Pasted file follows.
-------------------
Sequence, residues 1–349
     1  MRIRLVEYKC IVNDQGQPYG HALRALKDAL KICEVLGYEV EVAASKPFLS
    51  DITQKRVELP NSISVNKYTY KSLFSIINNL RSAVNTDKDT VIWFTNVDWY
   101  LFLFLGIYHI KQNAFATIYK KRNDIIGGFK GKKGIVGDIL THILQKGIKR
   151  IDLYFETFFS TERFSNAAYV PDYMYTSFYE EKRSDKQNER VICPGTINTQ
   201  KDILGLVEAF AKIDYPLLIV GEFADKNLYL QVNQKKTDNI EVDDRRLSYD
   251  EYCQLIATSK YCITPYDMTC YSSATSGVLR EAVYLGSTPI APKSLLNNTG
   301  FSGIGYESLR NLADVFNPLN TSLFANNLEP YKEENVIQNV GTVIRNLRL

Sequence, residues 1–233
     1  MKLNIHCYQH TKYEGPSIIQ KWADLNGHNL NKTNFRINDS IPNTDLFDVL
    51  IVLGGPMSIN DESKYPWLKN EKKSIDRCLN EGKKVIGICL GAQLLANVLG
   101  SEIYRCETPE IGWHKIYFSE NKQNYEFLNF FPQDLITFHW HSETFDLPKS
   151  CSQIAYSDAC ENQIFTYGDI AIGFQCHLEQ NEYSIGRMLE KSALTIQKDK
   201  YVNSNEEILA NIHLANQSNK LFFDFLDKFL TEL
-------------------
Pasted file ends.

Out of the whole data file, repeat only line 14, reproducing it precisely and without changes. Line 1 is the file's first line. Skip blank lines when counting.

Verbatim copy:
   201  YVNSNEEILA NIHLANQSNK LFFDFLDKFL TEL